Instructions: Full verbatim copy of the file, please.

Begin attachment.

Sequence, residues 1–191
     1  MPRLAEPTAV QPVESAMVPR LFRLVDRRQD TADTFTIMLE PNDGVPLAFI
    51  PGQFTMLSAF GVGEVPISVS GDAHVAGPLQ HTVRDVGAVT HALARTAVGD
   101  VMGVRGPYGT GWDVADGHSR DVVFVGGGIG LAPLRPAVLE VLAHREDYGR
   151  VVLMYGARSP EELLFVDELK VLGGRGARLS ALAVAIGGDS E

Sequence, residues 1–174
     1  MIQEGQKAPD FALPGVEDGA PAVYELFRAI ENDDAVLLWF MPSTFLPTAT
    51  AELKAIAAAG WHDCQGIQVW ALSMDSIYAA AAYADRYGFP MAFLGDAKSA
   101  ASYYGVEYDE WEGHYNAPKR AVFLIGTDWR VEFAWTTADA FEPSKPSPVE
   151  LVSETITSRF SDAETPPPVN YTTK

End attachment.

Sequence, residues 1–191
     1  MPRLAEPTAV QPVESAMVPR LFRLVDRRQD TADTFTIMLE PNDGVPLAFI
    51  PGQFTMLSAF GVGEVPISVS GDAHVAGPLQ HTVRDVGAVT HALARTAVGD
   101  VMGVRGPYGT GWDVADGHSR DVVFVGGGIG LAPLRPAVLE VLAHREDYGR
   151  VVLMYGARSP EELLFVDELK VLGGRGARLS ALAVAIGGDS E

Sequence, residues 1–174
     1  MIQEGQKAPD FALPGVEDGA PAVYELFRAI ENDDAVLLWF MPSTFLPTAT
    51  AELKAIAAAG WHDCQGIQVW ALSMDSIYAA AAYADRYGFP MAFLGDAKSA
   101  ASYYGVEYDE WEGHYNAPKR AVFLIGTDWR VEFAWTTADA FEPSKPSPVE
   151  LVSETITSRF SDAETPPPVN YTTK